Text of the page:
There seems, however, some latitude required in crediting the particulars of Mr. Nicol's services at the West sale, as here stated. A priced copy of Mr. West's catalogue is in the possession of Mr. Nichols; in which the names of the purchasers are marked, it is true in very few instances, but often enough to show, that whilst Mr. Nicol certainly purchased so much as to attract notice, he by no means monopolized all the Caxtonian books, nor, if the written memoranda are to be trusted, was he the only party by whom some of the most important articles were purchased for the royal collection. The following are the lots against which the King's name is written :
1868. Catholicon, Moguntiae. Joannis Bali, de Janua, 1460. It contains the following note by Mr. West : " This book was sold at Dr. Mead's auction for £25 and purchased for the French King, who had given commission to bid £150 for the same—J. W." Mr. West's copy was purchased by the King for £J5 3S. 6d. (The Willett copy sold for £60 ,8s.)
1909. Lewis's Life of Caxton, 1737, Minshull's proposals for an account of Caxton's books, and a manuscript list of the same. £ I I s.
1915. Various fragments of old Black Letter books, among which are many of the early essays in the Art of Printing. 18s.
2274. Chaucer's Works, first edition, stated in the catalogue to be "the only perfect copy known." One wanting three leaves is in Merton College ; the Hon. T. Grenville has one nearly perfect, and Lord Spencer has another in the same condition.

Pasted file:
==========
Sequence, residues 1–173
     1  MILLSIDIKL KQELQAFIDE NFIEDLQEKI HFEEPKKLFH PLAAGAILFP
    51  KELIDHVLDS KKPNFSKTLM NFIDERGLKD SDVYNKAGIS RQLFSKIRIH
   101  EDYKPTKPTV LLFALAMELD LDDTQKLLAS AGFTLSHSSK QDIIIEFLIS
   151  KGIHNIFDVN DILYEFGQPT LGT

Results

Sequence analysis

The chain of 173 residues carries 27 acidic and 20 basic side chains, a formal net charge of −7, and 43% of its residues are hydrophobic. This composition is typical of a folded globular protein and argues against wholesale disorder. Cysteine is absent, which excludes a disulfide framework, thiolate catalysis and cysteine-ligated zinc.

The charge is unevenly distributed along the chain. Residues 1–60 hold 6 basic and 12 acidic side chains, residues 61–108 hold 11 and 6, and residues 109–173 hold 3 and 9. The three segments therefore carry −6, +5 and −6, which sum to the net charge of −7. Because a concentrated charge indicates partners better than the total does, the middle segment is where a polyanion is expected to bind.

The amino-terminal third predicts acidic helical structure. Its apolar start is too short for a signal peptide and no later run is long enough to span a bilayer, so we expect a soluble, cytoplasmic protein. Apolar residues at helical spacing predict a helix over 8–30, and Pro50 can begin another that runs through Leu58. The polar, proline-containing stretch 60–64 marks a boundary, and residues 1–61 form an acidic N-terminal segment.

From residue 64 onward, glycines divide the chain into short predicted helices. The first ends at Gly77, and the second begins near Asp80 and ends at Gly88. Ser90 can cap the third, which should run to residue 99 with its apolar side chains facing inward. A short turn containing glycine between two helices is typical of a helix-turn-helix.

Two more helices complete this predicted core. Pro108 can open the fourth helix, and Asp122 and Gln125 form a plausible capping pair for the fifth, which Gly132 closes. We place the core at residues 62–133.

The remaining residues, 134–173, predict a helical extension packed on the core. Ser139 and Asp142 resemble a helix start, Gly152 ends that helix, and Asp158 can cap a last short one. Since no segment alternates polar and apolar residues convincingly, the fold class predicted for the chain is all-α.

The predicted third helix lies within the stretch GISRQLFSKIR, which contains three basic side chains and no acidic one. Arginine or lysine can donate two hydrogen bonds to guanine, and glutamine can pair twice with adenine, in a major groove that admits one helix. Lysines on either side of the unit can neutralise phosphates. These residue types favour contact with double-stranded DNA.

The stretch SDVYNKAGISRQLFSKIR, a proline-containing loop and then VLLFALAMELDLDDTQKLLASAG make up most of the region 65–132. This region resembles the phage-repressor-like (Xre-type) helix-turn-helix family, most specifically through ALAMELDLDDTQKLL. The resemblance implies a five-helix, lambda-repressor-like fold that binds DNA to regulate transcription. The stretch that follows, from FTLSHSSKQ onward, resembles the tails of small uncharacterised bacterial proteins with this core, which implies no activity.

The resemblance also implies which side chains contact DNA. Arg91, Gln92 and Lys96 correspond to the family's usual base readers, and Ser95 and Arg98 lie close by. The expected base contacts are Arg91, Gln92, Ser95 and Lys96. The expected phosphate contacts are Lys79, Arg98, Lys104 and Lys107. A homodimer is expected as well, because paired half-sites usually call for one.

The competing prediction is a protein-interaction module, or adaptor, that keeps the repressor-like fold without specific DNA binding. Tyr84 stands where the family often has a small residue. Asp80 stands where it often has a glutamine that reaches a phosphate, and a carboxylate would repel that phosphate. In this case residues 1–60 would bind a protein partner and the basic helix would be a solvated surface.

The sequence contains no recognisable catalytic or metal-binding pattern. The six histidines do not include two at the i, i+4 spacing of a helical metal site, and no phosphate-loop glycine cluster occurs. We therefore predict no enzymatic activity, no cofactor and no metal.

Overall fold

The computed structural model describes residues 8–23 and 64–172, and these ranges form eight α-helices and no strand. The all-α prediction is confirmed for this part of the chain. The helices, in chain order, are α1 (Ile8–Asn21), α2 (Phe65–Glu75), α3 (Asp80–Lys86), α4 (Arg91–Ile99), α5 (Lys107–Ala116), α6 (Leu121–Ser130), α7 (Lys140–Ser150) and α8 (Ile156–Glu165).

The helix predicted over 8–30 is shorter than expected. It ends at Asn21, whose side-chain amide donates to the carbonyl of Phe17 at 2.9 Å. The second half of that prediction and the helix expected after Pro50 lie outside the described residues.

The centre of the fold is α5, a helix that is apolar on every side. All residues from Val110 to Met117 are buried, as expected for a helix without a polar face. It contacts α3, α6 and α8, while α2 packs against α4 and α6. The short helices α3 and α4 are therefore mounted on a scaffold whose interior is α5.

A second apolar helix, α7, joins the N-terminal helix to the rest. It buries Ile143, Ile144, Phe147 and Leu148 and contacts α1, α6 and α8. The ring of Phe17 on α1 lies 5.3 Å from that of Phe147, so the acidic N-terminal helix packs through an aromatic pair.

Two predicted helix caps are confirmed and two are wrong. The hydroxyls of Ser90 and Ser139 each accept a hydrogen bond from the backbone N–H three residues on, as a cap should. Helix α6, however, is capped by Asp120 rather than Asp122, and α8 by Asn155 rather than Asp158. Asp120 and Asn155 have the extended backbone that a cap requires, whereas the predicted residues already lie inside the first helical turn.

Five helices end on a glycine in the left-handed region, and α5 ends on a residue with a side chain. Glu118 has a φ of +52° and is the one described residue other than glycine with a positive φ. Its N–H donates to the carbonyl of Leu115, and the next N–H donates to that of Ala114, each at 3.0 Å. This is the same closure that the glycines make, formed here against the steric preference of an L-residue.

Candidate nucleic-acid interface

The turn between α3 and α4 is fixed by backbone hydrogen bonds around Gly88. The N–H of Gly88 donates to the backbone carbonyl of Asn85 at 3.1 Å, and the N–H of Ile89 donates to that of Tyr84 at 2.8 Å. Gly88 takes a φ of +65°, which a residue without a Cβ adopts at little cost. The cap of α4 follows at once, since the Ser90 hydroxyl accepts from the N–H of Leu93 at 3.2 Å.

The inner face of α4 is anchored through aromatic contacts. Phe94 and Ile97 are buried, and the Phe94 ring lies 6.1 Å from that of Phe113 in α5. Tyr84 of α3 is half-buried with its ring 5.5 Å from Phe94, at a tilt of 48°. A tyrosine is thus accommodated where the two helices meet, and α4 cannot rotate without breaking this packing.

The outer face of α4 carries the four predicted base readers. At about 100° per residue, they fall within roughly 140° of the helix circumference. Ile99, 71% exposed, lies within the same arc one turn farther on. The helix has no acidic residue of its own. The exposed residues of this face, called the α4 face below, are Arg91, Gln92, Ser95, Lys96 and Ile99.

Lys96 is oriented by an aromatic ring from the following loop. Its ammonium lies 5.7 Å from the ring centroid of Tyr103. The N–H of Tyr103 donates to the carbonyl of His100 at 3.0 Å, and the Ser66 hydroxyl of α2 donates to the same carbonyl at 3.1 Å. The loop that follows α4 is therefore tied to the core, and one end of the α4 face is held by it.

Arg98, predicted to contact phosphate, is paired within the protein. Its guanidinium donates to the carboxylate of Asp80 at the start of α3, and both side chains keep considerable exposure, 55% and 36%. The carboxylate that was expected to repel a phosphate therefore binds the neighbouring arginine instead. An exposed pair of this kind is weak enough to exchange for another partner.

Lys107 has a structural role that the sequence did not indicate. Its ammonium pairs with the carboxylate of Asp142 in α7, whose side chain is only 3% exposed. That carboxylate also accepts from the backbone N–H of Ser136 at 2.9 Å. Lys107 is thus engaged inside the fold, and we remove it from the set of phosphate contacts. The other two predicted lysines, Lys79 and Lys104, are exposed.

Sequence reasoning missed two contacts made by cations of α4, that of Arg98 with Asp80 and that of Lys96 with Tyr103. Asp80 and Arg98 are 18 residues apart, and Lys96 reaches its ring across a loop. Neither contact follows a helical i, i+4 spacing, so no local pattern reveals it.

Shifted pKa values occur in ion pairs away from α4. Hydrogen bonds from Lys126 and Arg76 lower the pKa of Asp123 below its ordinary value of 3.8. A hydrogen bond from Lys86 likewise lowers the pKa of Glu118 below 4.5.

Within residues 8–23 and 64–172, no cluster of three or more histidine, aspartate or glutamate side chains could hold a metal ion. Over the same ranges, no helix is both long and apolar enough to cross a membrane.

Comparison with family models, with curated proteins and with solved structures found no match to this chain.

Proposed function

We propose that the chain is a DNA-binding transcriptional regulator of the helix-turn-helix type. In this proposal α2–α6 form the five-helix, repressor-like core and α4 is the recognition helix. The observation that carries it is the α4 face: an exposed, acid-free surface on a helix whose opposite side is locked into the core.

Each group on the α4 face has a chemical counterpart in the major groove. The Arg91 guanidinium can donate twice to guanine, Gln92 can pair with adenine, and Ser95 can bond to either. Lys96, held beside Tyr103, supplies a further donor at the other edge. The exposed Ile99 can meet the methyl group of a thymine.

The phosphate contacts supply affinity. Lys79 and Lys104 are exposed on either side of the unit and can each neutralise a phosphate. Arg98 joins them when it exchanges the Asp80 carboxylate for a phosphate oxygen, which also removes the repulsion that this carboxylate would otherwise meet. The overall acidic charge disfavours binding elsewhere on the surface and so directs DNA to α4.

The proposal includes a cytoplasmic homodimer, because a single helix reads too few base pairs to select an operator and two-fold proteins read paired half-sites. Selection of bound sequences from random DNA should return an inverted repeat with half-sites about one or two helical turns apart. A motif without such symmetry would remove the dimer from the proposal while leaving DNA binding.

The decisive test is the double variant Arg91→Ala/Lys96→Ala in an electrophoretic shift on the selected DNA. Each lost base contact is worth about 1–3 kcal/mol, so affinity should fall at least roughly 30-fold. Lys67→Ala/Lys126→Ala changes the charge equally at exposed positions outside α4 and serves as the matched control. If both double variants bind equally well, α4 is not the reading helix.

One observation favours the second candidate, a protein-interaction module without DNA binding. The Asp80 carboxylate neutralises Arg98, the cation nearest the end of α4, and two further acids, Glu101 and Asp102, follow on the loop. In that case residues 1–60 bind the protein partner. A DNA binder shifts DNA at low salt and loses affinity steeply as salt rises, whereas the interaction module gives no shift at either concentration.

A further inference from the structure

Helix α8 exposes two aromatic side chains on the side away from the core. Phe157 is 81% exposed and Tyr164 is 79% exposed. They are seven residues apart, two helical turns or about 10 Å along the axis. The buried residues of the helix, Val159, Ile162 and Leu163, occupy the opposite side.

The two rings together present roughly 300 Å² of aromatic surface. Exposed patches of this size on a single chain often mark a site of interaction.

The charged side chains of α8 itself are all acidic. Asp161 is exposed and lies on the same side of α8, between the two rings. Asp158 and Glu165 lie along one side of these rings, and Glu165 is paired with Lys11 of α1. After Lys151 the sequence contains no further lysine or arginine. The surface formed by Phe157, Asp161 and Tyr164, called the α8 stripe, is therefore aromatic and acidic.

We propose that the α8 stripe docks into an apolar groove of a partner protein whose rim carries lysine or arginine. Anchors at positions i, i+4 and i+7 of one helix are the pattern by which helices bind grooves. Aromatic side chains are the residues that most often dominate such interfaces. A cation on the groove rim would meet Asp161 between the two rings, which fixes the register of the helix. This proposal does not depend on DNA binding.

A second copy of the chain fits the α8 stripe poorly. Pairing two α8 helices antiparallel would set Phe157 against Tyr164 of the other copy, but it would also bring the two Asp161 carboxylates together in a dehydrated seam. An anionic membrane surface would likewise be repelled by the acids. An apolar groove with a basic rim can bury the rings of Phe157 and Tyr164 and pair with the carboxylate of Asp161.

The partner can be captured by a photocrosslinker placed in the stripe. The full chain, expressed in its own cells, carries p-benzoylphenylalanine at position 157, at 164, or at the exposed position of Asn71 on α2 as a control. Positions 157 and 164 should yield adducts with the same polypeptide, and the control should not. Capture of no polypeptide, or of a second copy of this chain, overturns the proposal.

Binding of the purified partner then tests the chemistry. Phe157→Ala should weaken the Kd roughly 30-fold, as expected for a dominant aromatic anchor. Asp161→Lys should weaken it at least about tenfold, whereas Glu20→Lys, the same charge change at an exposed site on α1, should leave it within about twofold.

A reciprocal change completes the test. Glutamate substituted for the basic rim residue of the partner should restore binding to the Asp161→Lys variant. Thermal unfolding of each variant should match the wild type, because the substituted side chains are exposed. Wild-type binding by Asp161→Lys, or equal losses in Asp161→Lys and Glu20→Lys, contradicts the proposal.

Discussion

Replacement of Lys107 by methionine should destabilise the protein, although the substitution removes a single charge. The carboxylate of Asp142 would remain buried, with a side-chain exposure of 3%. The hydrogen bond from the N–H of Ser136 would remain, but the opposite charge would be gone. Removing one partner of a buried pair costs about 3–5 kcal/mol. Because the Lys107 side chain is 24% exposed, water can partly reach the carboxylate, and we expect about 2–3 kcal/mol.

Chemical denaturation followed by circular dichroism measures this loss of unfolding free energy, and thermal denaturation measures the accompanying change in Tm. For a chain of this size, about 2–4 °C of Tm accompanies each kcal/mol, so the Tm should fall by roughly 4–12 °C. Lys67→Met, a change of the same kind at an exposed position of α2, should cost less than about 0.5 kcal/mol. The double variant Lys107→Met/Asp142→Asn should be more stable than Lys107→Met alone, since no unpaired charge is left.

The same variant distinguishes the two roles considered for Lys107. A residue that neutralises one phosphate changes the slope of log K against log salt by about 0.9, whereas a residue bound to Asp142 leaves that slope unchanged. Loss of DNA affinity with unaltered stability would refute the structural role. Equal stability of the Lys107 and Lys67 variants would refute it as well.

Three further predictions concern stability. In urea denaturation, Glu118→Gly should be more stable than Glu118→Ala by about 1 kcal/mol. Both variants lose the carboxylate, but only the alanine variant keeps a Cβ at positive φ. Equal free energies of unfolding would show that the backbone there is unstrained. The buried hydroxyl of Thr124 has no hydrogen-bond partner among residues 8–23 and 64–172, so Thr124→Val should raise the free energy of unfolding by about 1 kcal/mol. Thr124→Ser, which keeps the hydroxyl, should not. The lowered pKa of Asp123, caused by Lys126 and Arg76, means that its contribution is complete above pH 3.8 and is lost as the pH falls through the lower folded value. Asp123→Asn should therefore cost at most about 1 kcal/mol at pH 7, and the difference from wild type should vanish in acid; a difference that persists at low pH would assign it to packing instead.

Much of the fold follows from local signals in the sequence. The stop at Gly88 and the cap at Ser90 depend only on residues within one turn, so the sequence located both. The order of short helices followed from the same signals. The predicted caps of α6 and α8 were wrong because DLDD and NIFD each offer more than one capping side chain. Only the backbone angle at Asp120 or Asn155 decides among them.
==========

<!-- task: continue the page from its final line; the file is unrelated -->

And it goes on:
It was purchased for the King at £47 15s. 6d. ; and a manuscript note is added, that " Mr. West gave £15 for it in 1771."
2281. Chaucer's Troylus and Creseyde, printed by Caxton, £10 10s. Towneley wanting one leaf £252 ; resold, Duke of Marlborough, £162 155.
2288. The Dictes and Sayings of the Phylosophers, translated by Earl Rivers. Caxton, 1477, £21 (Hibbert £46 4S., Towneley, Z189).
2296. The Game and Playe of Chesse. Caxton, 1474. " Mr. Elmsley for the King, £32 0s. 6d." Duke of Marlborough's sale, two leaves MS., £42.
2297. Gower de Confessione Amantis. Caxton, 1483 . Mr. Elmsley for the King, £9 9S. (The Roxburgh copy sold in 1812 for £336 ; and the Willet £315.)
3394. Dictionary of Decisions of the Court of Session of Scot-land, 1741, L.
3420. Actis and Constitutionnis of Scotland, 1566, £2 2S.
3514 Madox's Formulare Anglicanum, 1. p. 1702. " With MS. notes by a curious and diligent man," says Mr. West. £I Is.
4090. Recuyell of the Historyes of Troye. Caxton, 1471. "£32 I Is. Payne, for the King." (Mr. Payne made this book perfect from a copy which, though many leaves deficient, afterwards sold for Z116 1Is. at the Roxburgh sale in 1812, when a perfect copy sold for £I068 18s.)